The Lanesboro City Council held a public hearing on April 30 to discuss the proposed wastewater treatment plant project. All council members were present as well as all three of the Lanesboro Public Utilities Commission members. City Engineer Brian Malm and Project Engineer Jake Pichelman from Bolton and Menk opened the meeting with a slideshow presentation covering the project needs, design and costs, site selection and aesthetics, user rates and funding options, and schedule. The current wastewater treatment plant was built in 1938 making it the oldest in Minnesota. The life expectancy of the equipment before needing to be repaired or replaced is approximately zero to five years, meaning that it could break down any day. Pichelman noted that it would not be cost effective to move forward with repairs to equipment that will not meet the future needs of the City of Lanesboro.
The preliminary engineering work began in the fall of 2014 and in March 2018, the facility plan was submitted to the Minnesota Pollution Control Agency or MPCA. The first public hearing for the proposed project took place on June 19, 2018, and the MPCA approved the plans about a month after that. Discussions about the project’s design began in October of that same year. Certification of the project by the MPCA should occur in June, 2019 with project bidding going out as early as this fall based on funding availability. Construction could potentially begin in the spring of 2020. Some of the options for funding of the project include different grants and loans. Eligibility for grants is dependent on the timing of the project, which is why the project is moving forward within this time range.
The wastewater treatment plant design was reviewed by Pichelman, and included items such as the addition of a grinding mechanism to deal with wipes that are marketed as being flushable, biological treatment, which produces low odors, UV disinfection, and a new control building. Future accommodations for nutrient removal using nitrogen and phosphorus are also being considered as it will be required at some point. It is estimated that the total costs for the project will fall into the $6.5 to $7.75 million range.
Four different sites were considered for the wastewater treatment plant. Each of the potential sites were evaluated based on selection criteria that included adequate space, land cost, proximity to the existing plant, the option to reuse the existing outfall, floodplain issues, and seclusion from the general public. The ballfield, football field, and Highway 16 sites did not meet enough of the criteria and were not considered feasible or cost effective. The preferred site, called the Sales Commission site, would be placed just off of Highway 250 and located 300 feet north and just across the bike trail from where the current wastewater treatment plant sits. It was noted that the new plant will produce less odors than the existing one does. Diagrams showing the view of the proposed site from different angles, including several different screening choices using vegetation were viewed. A variety of options for the look of the buildings at the plant were also viewed, ranging from basic brick to more intricate block styles that would match other historic buildings in town.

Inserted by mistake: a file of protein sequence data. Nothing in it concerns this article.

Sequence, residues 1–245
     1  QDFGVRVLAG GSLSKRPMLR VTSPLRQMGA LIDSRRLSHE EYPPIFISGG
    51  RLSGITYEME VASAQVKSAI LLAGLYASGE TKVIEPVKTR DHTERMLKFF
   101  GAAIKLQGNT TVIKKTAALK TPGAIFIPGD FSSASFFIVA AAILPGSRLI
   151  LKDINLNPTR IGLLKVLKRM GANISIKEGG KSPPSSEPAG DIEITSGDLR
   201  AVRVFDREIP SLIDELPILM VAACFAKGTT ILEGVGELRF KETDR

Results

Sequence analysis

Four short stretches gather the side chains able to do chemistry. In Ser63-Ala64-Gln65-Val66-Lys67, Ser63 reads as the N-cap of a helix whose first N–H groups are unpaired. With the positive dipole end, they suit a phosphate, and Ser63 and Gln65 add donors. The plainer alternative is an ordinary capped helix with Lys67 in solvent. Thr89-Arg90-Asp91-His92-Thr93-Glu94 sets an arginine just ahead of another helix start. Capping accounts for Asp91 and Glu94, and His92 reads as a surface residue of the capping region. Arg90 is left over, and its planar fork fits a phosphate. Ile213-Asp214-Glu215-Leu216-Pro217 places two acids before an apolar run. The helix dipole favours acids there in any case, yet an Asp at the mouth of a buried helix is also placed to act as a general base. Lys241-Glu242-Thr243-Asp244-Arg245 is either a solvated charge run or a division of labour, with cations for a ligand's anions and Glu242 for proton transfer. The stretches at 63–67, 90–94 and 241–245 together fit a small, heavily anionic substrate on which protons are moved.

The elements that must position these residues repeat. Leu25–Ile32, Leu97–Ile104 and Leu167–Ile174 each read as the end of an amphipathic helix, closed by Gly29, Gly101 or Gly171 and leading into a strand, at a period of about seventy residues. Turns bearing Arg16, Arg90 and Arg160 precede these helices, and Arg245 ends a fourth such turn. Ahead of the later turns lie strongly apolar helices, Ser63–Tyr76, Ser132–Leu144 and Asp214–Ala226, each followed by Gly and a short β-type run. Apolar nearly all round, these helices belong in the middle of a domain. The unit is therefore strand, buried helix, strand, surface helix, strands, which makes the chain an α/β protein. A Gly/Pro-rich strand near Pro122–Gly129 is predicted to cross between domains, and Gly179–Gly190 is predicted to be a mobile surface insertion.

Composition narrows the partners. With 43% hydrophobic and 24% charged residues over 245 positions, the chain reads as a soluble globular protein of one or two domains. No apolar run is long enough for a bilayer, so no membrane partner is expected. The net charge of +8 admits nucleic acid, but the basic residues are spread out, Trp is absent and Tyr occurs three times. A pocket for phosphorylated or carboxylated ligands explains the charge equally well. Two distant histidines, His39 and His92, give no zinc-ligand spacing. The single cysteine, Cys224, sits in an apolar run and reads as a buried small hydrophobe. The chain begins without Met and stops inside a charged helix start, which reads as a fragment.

The user rates would increase from $39.05 to approximately $60 a month after the new wastewater treatment plant is built, but that could vary depending on grant eligibility.
The meeting was opened for questions from the public. One resident asked whether the fee of $60 a month had been officially set and was assured by Malm that it had not. When the time comes, a discussion about the fees will be listed on the city council agenda for one of their regular meetings.
Another resident, William Tuohy, raised concerns that the public hearing and other city meetings are not publicized well enough. He pointed out that he does not own a computer so relies on newspapers and mailings to learn about events. He wanted to know why letters were not sent out to Lanesboro citizens informing them of the hearing. City Administrator Michele Peterson assured him that all notices for meetings are posted on the bulletin board in the city offices as legally required, and the city also publishes notices in the city’s official newspaper, the Bluff Country Reader, and on the city’s website. The regular city council meetings are set for the first Monday of every month at 5:30 p.m. and the agenda is posted a week in advance on the city website as well as on the bulletin board in the city offices. Peterson also noted later that for this particular public hearing, emails were sent out to all utility accounts that had an email address associated with them.